liable. But if they do not strictly comply with the said conditions, the arresting officers can be
held liable for the crime of arbitrary detention, for damages under Article 32 of the Civil Code
226 6 and/or for other administrative sanctions


Espiritu was arrested without warrant, not for subversion or any "continuing offense," but for
uttering the above-quoted language which, in the perception of the arresting officers, was
inciting to sedition as he was speaking at a gathering of drivers and sympathisers
o Bukas tuloy ang welga natin, hanggang sa magkagulo na
Labag daw iyon sa kaniyang freedom of speech?
o Hindi. The authority of the peace officers to make the arrest, without warrant, at the
time the words were uttered, or soon thereafter, is still another thing. In the balancing
of authority and freedom, which obviously becomes difcult at times, the Court has, in
this case, tilted the scale in favor of authority but only for purposes of arrest, not
Became moot and academic


Romulo Bunye II was killed by a group of men, one of the suspects was arrested and he pointed
to Narciso Nazareno as one of his companions
Arrest made 14 days later
the arrest falls under Section 5(b) of Rule 113, since it was only on 28 December 1988 that the
police authorities came to know that Nazareno was probably one of those guilty in the killing of
Bunye II and the arrest had to be made promptly, even without warrant, (after the police were
alerted) and despite the lapse of fourteen (14) days to prevent possible flight

Shortly after the arrests of Espiritu and Nazareno, the corresponding informations against them
were led in court. The arrests of Espiritu and Nazareno were based on probable cause and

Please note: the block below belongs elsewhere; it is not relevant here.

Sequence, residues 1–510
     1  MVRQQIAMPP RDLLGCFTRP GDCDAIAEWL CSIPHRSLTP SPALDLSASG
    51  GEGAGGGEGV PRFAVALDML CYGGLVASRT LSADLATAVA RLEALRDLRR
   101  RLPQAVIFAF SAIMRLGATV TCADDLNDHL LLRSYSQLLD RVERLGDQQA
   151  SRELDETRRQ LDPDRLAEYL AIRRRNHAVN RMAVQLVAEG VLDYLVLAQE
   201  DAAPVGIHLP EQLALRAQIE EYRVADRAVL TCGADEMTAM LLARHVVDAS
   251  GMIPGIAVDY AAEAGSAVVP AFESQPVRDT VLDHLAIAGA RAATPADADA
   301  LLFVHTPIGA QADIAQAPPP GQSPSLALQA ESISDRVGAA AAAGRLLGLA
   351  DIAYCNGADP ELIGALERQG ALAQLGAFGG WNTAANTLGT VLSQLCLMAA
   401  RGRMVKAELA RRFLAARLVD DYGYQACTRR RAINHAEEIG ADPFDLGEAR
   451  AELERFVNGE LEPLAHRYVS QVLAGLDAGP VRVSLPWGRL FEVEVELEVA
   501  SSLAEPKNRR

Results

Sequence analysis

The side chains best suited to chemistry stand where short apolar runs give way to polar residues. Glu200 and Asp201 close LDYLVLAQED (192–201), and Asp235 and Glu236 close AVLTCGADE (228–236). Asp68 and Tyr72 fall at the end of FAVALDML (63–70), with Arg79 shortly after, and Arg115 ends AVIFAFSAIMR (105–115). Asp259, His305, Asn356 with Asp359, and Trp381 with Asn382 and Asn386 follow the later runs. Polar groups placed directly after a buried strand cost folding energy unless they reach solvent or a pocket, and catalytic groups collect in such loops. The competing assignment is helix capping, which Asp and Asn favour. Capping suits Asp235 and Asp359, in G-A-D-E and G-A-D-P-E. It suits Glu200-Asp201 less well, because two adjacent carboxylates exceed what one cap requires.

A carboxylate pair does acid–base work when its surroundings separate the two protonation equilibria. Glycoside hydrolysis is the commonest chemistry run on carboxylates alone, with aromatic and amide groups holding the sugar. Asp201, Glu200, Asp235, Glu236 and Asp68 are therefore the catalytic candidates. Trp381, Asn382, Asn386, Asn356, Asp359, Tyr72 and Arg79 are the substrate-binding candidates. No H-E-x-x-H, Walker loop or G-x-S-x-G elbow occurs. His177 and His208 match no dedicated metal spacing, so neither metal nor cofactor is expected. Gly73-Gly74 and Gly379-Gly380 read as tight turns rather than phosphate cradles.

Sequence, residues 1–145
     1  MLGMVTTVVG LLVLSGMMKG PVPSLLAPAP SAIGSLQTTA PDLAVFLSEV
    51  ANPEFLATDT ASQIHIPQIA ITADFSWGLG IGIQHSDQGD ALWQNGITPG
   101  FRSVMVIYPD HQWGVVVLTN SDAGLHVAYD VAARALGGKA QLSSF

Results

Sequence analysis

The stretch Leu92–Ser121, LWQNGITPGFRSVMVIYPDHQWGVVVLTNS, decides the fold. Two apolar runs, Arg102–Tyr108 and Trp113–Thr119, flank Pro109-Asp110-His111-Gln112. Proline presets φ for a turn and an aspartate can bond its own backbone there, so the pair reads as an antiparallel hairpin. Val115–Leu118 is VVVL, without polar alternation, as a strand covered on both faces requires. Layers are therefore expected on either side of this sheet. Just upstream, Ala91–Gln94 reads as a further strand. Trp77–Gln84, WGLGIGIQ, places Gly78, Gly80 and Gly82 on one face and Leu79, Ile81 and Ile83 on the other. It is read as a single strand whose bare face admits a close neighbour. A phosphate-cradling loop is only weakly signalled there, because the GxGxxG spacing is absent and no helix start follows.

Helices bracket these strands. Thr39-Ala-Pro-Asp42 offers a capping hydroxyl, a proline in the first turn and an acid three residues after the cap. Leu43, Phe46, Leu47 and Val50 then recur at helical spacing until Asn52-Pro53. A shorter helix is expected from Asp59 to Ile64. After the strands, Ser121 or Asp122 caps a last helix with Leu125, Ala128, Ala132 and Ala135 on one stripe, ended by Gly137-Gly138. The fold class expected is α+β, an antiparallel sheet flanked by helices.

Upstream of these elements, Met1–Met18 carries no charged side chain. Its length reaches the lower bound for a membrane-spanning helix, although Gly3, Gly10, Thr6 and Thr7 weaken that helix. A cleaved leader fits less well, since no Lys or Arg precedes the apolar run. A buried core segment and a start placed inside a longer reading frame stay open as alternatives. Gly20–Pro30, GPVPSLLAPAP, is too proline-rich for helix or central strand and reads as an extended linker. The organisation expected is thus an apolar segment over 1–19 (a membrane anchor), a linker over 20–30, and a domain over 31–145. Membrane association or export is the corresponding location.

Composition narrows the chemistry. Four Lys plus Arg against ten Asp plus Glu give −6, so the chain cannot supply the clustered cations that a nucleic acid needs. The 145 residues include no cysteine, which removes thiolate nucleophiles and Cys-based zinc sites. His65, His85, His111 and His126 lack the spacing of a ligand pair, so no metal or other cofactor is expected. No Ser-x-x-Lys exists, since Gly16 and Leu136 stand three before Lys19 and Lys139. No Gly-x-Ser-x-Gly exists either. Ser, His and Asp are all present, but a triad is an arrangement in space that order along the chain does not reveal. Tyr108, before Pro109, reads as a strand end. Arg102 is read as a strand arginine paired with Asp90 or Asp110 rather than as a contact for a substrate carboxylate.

supported by factual circumstances. They complied with the conditions set forth in Section 5(b)
of Rule 113. They were not arbitrary or whimsical arrests

Di ko na idiscuss ang petition nila na inignore daw ang constitutional requisites for admissibility
of extrajudicial admission basta ang held niya ay:
o The Court, it is true, took into account the admissions of the arrested persons of their
membership in the CPP/NPA, as well as their ownership of the unlicensed rearms,
ammunitions and documents in their possession. But again, these admissions, as
revealed by the records, strengthen the Court's perception that truly the grounds upon
which the arresting ofcers based their arrests without warrant, are supported by
probable cause, i.e. that the persons arrested were probably guilty of the commission of
certain offenses, in compliance with Section 5, Rule 113 of the Rules of Court. To note
these admissions, on the other hand, is not to rule that the persons arrested are already
guilty of the offenses upon which their warrantless arrests were predicated. The task of
determining the guilt or innocence of persons arrested without warrant is not proper in
a petition for habeas corpus. It pertains to the trial of the case on the merits.

Should the doctrines in Garcia v. Enrile and Ilagan v. Enrile be abandoned?

o There is no compelling reason to disturb the same, particularly in the light of prevailing
conditions where national security and stability are still directly challenged perhaps with
greater vigor from the communist rebels. What is important is that every arrest without
warrant be tested as to its legality via habeas corpus proceedings. This Court will
promptly look into and all other appropriate courts are enjoined to do the same
the legality of the arrest without warrant so that if the conditions under Sec. 5 of Rule
113, Rules of Court, as elucidated in this Resolution, are not met, the detainee shall
forthwith be ordered released; but if such conditions are met, then the detainee shall
not be made to languish in his detention but must be promptly tried to the end that he
may be either acquitted or convicted, with the least delay, as warranted by the
Mere suspicion of being a Communist Party member or a subversive is absolutely not a
ground for the arrest without warrant of the suspect. The questioned arrests without warrant in
these petitions are valid, not on mere unsubstantiated suspicion, but on compliance with the
conditions set forth in Section 5, Rule 113, Rules of Court